“Jaime and I had to find out how much of this was true,” Longo says. He secured a small grant to do a rigorous investigation comparing cancer rates in the Laron syndrome patients with those of their relatives of normal height. After five years of fieldwork, laboratory experiments, and analysis, they reported in February 2011 that of 99 Laron syndrome cases, only one case of cancer existed on record, and that patient had survived.
By comparison, of more than 1,000 relatives of Laron patients who died during the study, one in five succumbed to cancer. The study came a couple of weeks after Laron and his colleagues published a survey of cases in the Middle East and Europe that also revealed a near-complete absence of cancer. “It seems that I was right,” Guevara-Aguirre says.
Guevara-Aguirre and Laron have differing views when it comes to connecting Laron syndrome with another deadly disease: diabetes. Although Laron has diagnosed diabetes in a handful of his patients, Guevara-Aguirre says he has never seen a case of diabetes among Laron patients in Ecuador, even though their weight should put them at high risk. In their 2011 paper, he and Longo reported that of the 99 Laron patients they studied, none had diabetes despite the prevalence of obesity in the group. In contrast, among the patients’ relatives, 5 percent of deaths were from diabetes.
Normally, people who are overweight face a greater risk for insulin resistance, a condition in which the body does not use insulin effectively to shuttle glucose into liver, fat, and muscle cells. To compensate, the pancreas secretes more insulin. In some cases, the amount of glucose in the bloodstream overwhelms the pancreas’s ability to keep up; in these cases, insulin resistance progresses to pre-diabetes or full-blown diabetes.
For people with Laron syndrome, a different set of rules seems to apply. Instead of being insulin resistant, Guevara-Aguirre’s patients seem to be especially sensitive to insulin, which may protect them against diabetes. He and Longo have recently conducted glucose-tolerance and insulin tests to explore how patients’ sensitivity to insulin affects their diabetes risk. They expect results later this year.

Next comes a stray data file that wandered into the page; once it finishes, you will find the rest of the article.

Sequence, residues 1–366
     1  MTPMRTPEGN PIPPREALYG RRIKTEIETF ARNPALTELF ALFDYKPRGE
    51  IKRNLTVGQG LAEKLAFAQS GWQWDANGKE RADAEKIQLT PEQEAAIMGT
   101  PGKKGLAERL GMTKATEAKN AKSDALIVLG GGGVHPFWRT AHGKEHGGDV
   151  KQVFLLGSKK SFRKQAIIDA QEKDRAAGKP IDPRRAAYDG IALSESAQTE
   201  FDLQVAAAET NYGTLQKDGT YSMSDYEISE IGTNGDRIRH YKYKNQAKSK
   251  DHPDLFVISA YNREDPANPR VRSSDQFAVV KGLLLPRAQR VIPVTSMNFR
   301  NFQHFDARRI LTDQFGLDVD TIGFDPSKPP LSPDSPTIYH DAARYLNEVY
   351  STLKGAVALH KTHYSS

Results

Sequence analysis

If the genetic mutation that gives people with Laron syndrome their short stature also protects them against two of the most pernicious diseases of aging, diabetes and cancer, then it prompts two obvious questions: What other diseases might the mutation protect against, and do people who carry the mutation in fact live longer than their unaffected peers?
The second question is more difficult to answer than it might seem because the low prevalence of cancer and diabetes in Laron patients is counterbalanced by an abnormally high risk of death from other causes, especially accidents, alcohol, and convulsive disorders.
To help untangle the question, Longo and Guevara-Aguirre are comparing mortality rates of people with Laron syndrome with their siblings to look for a noticeable difference in life expectancy. They have also begun examining whether these individuals are resistant to other aging-related killers, including cardiovascular disease and Alzheimer’s disease—both linked to dysfunctional production or metabolism of insulin and IGF-1.
Longo has also taken the first step in turning the lessons of Laron syndrome into anticancer and antiaging drugs. In 2008 he founded DSR Pharmaceuticals, where he is consulting with Kopchick to develop a pill that blocks the growth hormone receptor. They hope the drug will do artificially what the genetic defect in Laron syndrome does naturally: protect against DNA damage that fuels cancer growth.
A more expensive injection form of the drug was discovered by Kopchick a decade ago, and it has since been approved by the FDA to treat individuals with acromegaly, a condition in which there is too much growth hormone in adults, resulting in abnormal growth of body tissues, especially hands, feet, and face. Longo believes that it might be useful in the treatment of cancer and, perhaps eventually, as an antiaging supplement.
In any race to defeat cancer with a new drug, it is always wise to bet on the tumor rather than the drug. Pharmaceutical victories over cancer have been few and far between over the years. But the absence of cancer in individuals with Laron syndrome, combined with the new research on the importance of hormones such as insulin and IGF-1, suggests that the odds may soon change.
During his initial trip to Ecuador more than 24 years ago, Rosenbloom never imagined an outcome like this. “It was a phenomenal aligning of the stars,” he says. “I came to Ecuador in 1988 for another reason. Jaime had just opened his institute, and he had the road-building company to go exploring and find these people. My colleagues are very envious of my having fallen into this.”